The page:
Smoked Meat Pricing for Labor

Discussion in 'Roll Call' started by c heritaged, Mar 30, 2016.

  1. Hello Chefs. This is Charlie. I have a business prop today smoking meats for a deli. I want to charge per smoked item. But im lost on cost. Could you help me ??? Please ????
  2. smokinal

    smokinal Smoking Guru Staff Member Moderator OTBS Member ★ Lifetime Premier ★

    This is a good question for Chef Jimmy J.

    I'm sure he will be along shortly to help you.

  3. chef jimmyj

    chef jimmyj Smoking Guru Staff Member Moderator Group Lead OTBS Member

    Typically you charge 3X your Cost. That is meat and any spices, marinades, injections, etc. It sounds like you are essentially going to be selling wholesale so the deli can add a profit for retail sale. You should get around 3X cost but be prepared to work with the deli to come up with a price the area market will bear.  Cherry Hill is not a low income area. Investigate permits, Health Inspections, Insurance and any other requirement to go into food production for sale. It is NOT LEGAL to just start selling Smoked Meat or any potentially hazardous food to the public from your house/backyard. You may be required to have a separate from your house inspected kitchen...JJ
    Last edited: Mar 30, 2016
    c heritaged likes this.
  4. Thank you. Yes, i have alot of work to do to prepare. I needed this badly. Its alot to take in. Ill admit. First thing will be to contact the health board. Most important
  5. chef jimmyj

    chef jimmyj Smoking Guru Staff Member Moderator Group Lead OTBS Member

    Best of luck and thanks for the point. Let us know how it turns out, with some detail. This type of idea comes up frequently but we never hear how it goes, good or bad...JJ
  6. wade

    wade Master of the Pit OTBS Member SMF Premier Member

    Involve your local health inspectors right from the start and show them that you are wanting to work with them to get this off the ground. I have found that being proactive with them pays dividends when it comes to developing a good ongoing 2-way relationship. Required practices do vary slightly by authority too and they will be able to let you know what is required in your local area,

    Do you have any food hygiene certification? The US and the UK certificates are slightly different so someone like JJ will have to advise you on specific courses there - but at least one person in your "company" will probably be expected to have a minimum level of food handling training. If is is just you then a basic caterers hygiene course may be sufficient but if others are helping you then you may need a supervising food handling certificate.

    Do not underestimate the amount of paperwork that this will involve. Paperwork is something that the health inspectors will want to check regularly. Once you get into the routine of regularly recording fridge temperatures, cleaning routines and batch numbering etc. it is not so bad  - but it seems a lot of work to begin with. To get a start on this you may want to look online for any HACCP recommendations that your local authority or state have put up. Becoming at least familiar with these before you talk with your local health inspector may help with your discussions.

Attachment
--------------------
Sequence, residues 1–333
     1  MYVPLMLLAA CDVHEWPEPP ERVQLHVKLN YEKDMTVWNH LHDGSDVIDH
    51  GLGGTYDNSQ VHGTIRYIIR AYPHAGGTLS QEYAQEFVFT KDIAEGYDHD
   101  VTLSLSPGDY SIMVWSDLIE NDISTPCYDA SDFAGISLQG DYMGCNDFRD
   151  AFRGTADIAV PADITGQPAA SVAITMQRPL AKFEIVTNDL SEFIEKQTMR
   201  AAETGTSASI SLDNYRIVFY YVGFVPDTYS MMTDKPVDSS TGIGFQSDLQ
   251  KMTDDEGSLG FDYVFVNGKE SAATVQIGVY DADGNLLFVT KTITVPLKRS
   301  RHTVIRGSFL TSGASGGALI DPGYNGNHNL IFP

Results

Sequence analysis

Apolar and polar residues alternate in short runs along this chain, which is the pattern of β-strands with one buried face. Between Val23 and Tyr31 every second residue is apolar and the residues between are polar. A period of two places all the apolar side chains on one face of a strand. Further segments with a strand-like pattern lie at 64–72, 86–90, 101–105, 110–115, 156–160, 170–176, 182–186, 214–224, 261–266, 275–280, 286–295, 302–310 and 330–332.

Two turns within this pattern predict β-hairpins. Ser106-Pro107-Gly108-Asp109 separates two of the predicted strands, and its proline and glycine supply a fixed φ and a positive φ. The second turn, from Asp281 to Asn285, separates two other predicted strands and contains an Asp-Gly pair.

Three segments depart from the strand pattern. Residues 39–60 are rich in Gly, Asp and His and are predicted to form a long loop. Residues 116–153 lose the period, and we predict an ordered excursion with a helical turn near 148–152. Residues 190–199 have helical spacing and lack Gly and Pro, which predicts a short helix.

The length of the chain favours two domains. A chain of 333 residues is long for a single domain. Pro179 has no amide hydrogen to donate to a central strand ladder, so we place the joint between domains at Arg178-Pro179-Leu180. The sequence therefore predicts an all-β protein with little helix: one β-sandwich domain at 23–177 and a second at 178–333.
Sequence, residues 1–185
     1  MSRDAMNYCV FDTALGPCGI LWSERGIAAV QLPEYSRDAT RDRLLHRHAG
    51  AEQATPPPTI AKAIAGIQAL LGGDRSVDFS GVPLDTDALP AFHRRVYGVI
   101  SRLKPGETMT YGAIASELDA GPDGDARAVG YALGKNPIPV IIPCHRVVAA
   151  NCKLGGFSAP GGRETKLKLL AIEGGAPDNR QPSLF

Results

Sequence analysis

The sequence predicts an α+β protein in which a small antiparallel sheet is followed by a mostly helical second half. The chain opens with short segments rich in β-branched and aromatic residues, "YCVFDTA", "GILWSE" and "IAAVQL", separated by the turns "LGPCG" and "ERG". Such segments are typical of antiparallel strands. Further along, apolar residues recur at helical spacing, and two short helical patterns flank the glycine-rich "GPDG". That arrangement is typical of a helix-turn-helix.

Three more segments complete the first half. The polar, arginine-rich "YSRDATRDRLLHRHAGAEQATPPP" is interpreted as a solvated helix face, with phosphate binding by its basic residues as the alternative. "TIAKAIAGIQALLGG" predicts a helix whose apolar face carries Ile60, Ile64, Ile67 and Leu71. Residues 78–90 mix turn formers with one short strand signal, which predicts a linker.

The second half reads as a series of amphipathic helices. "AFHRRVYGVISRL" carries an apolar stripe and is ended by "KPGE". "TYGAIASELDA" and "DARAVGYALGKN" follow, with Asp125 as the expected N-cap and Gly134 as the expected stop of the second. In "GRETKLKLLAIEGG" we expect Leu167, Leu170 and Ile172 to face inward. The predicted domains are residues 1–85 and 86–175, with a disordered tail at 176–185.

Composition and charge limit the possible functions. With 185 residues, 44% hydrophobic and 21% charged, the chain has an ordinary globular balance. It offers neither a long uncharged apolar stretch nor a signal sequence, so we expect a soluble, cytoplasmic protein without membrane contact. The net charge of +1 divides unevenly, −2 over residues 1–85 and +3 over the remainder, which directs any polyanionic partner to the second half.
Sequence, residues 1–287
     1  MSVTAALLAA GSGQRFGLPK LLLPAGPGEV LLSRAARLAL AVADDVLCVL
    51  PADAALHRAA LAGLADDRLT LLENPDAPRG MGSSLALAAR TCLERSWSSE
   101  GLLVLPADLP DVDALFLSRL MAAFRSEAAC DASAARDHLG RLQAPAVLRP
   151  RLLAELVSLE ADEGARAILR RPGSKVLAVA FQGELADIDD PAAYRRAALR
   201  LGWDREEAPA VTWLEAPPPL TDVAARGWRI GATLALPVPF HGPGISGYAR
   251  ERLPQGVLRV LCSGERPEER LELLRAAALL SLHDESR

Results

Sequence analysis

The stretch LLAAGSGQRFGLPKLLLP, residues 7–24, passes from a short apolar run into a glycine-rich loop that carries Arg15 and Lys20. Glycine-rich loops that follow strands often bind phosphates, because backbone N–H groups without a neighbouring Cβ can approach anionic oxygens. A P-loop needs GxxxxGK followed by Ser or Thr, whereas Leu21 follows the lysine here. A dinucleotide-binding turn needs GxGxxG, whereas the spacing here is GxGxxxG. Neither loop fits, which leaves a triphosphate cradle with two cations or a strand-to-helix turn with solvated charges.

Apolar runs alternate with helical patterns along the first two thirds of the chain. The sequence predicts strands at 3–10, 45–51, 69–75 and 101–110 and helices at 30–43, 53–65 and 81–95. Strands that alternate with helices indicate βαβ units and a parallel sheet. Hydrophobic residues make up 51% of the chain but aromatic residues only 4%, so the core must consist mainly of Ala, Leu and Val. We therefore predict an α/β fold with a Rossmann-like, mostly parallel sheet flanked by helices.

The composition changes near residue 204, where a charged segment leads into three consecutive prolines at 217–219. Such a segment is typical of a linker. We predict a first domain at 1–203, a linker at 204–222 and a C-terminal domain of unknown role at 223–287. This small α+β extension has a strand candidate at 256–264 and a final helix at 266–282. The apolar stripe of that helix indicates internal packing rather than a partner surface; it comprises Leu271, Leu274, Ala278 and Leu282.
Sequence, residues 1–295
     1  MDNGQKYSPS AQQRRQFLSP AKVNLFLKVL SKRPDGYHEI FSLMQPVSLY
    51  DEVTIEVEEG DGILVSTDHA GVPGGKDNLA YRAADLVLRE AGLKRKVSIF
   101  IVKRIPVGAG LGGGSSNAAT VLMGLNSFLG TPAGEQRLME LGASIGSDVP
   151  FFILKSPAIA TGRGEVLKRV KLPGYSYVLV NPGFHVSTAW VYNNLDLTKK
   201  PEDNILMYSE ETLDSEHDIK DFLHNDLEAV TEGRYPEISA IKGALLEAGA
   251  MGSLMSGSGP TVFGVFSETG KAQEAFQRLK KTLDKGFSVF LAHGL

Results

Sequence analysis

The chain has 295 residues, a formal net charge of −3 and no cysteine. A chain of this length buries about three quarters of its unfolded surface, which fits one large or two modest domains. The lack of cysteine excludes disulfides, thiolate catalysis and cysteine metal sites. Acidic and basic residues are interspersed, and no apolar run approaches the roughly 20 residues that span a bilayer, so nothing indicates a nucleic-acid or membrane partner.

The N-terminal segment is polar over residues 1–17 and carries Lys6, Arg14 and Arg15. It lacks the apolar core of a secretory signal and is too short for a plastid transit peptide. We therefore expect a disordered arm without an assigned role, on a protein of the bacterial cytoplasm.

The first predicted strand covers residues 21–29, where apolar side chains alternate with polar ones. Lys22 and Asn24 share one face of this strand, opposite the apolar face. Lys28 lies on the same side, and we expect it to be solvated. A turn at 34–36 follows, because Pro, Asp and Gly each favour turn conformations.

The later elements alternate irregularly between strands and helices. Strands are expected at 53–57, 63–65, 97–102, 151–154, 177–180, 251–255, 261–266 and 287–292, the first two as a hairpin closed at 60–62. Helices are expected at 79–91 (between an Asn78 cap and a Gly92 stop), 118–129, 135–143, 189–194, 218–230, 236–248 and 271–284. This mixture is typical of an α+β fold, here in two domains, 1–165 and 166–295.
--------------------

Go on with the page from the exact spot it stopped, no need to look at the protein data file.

In the UK we have different requirements for food producers depending on whether you are selling directly to the public or selling through a third party (e.g. retailer or restaurant). Selling directly to the public provides a more traceable product distribution than selling through a third party. The risk of selling direct to the end consumer is perceived to be less than selling through a intermediate re-seller - it is something to do with the potential number of victims if something were to go wrong. There is therefore slightly less involvement from the health inspectors for producers only selling directly - though the same food hygiene standards still apply. I am not sure if it is the same in the US but this is something that you may want to investigate as it may help you get your foot in the door of selling without as much initial cost.

    I am not trying to put you off - far from it - but it is worth understanding some of the basic requirements before you go too far down the path. If you do proceed then please let us know how you are getting on. A success story from you may encourage others also tread down that path [​IMG]
  7. chef jimmyj

    chef jimmyj Smoking Guru Staff Member Moderator Group Lead OTBS Member

    After reading Wades post, I figured I would check for you. Looks like at a minimum you will need ServSafe Certification and possibly Food Protection Managers Certification. ServSafe is basic, the managers cert is multiple steps and more involved. Look at this link...  It is info on NJ Wholesale Food and Cosmetic Project. They oversee licencing and inspection for wholesome product and will test samples of your meat for any issues. This is separate from the Health Dept Inspections. They have info on some of the permits needed as well....JJ
    Last edited: Mar 31, 2016

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